Review: SonicNet

Hole Play After-Hours Show at L.A. Club
December 14, 1998, by Teri vanHorn

Set at Roxy followed Friday night appearance at ‘Almost Acoustic Christmas’ festival at Shrine.

LOS ANGELES — Hole played a surprise doubleheader here over the weekend, including a rare club gig that gave about 500 lucky fans a chance to experience outrageous frontwoman Courtney Love up close and personal.

After joining thrashers Korn, punk-rockers Offspring and other bands at the Shrine Auditorium for the first night of KROQ-FM’s two-night, “Almost Acoustic Christmas” festival Friday, the punk-pop band moved to the Roxy Theatre on the Sunset Strip for an unannounced, after-hours set the following morning.

“It was the best time we’ve had in, like, 10 years,” guitarist Eric Erlandson said after the latter show.

Fans tipped off to the unplanned performance paid less than $10 for a ticket and began packing the Roxy shortly after midnight. Many had learned about the club show when Love made the announcement during the Shrine performance. The club holds about 500 people; the Shrine, in comparison, seats 6,000.

“It was super cool. I got to see Hole twice in one night,” Angela Doyle, 18, who caught both gigs, said. “This one was better, though. Courtney was a lot more open and closer — she was kind-of snotty at the Shrine — and here they played better songs and more songs.”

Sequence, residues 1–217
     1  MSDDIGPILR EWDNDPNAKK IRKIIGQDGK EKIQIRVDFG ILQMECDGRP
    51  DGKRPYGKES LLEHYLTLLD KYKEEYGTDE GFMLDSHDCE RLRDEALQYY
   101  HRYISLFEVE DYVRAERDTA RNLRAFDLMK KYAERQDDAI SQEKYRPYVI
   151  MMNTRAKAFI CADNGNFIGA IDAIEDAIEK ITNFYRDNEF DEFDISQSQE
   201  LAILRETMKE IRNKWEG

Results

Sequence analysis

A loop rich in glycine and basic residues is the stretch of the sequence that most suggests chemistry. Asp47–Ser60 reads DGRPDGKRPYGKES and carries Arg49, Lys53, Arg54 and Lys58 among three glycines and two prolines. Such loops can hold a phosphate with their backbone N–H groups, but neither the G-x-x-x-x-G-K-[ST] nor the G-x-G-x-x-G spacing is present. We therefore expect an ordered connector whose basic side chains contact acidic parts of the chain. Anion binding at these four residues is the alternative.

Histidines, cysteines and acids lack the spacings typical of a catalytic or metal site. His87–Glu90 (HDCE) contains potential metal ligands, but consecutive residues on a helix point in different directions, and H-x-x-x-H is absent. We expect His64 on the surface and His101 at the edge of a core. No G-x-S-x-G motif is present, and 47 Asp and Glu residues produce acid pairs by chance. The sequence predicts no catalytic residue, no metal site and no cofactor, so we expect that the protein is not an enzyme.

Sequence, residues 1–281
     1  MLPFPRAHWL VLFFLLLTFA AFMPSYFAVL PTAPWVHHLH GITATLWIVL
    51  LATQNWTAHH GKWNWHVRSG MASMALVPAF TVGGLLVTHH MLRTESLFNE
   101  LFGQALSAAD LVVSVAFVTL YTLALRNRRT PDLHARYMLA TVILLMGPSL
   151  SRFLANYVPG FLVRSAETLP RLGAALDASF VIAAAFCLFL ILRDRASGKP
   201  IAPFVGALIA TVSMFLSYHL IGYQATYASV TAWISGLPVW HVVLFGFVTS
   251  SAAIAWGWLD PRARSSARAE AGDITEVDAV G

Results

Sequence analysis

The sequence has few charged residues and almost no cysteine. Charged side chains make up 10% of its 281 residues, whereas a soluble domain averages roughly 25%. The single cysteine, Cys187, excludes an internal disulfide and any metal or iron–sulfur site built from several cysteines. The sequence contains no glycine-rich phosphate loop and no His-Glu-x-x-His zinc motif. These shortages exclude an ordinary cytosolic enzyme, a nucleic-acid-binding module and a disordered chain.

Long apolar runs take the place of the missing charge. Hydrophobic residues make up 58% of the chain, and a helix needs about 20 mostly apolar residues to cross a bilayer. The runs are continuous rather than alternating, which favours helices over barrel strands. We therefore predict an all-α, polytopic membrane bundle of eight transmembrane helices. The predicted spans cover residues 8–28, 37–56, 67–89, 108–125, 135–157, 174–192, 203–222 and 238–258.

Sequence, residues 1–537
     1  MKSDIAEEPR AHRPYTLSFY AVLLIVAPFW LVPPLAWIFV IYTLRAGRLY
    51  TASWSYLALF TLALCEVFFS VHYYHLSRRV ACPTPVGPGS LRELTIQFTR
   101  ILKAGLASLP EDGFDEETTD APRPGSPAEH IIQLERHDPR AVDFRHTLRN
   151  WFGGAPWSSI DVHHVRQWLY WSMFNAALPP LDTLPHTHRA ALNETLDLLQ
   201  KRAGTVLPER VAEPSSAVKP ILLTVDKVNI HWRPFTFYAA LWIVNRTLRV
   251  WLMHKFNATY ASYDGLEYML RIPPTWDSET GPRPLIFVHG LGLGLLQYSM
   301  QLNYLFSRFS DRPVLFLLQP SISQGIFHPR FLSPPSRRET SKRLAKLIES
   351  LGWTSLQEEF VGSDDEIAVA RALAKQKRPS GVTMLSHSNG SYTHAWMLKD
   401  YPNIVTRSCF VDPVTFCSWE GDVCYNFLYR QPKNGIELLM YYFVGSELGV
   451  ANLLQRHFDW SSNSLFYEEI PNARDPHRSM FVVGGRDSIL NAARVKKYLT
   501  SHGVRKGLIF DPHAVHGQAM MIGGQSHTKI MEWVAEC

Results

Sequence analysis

If it were up to Hole’s frontwoman, more people would have had the chance to enjoy the rare club gig.

About mid-set, the club’s side door swung open, revealing about a dozen fans stuck outside. Love urged them to gate-crash the show. “Chaos is good,” she said, jumping up and down. But the club’s security force had the door slammed shut within seconds.

Hole took the stage just after 1:30 a.m., and began with “Pretty on the Inside,” the enraged-punk title track to their 1991 debut album. Then they played a roughed-up version of “Heaven Tonight,” a love song from their latest release, Celebrity Skin.

In case anyone missed the point in juxtaposing the songs, Love told the audience: “See, there’s no difference between those two songs. That was a lesson.”

Love wore a low-cut, long, black leather dress, glitter on her face and shiny decorations in her blond locks for the two-hour performance. And despite a more intimate atmosphere, her dynamic take-charge and often contradictory nature was in full bloom, whether she was scolding an unruly fan or blaming Erlandson for a musical mistake she actually made.

Only after thoroughly chewing him out did she admit that the fault was her own.

Actor Edward Norton, with whom Love has been romantically linked, accompanied the band on guitar for three tunes. Earlier, at the Shrine, he joined Hole for an acoustic version of the single “Malibu.”

“Like we need another boy on this stage,” Love said as she watched Norton, in a black T-shirt and black pants, take his position behind her at the Roxy. Love told the crowd he had won a contest to play with Hole.

Norton played “Malibu” again at the club, and remained onstage for the B-side, “Beautiful Son,” and the new album’s “Boys on the Radio.”

“It seemed like he really could play,” Janese Nelson, 20, said. “He’s an awesome actor, but maybe he should quit acting and join Hole.”

Love ended the show by tossing her guitar into the crowd — a new habit that seems to have replaced her ritual of plunging herself into the crowd. But as fans fought over the instrument, Erlandson and some stagehands retrieved it.

Then they picked a female fan and, swapping the original guitar for a pink one with the word “Dork” written on it, presented her with the prize.

“I had to throw beer on a guy to get it back,” Erlandson said. “But Courtney likes a girl to get the guitar.”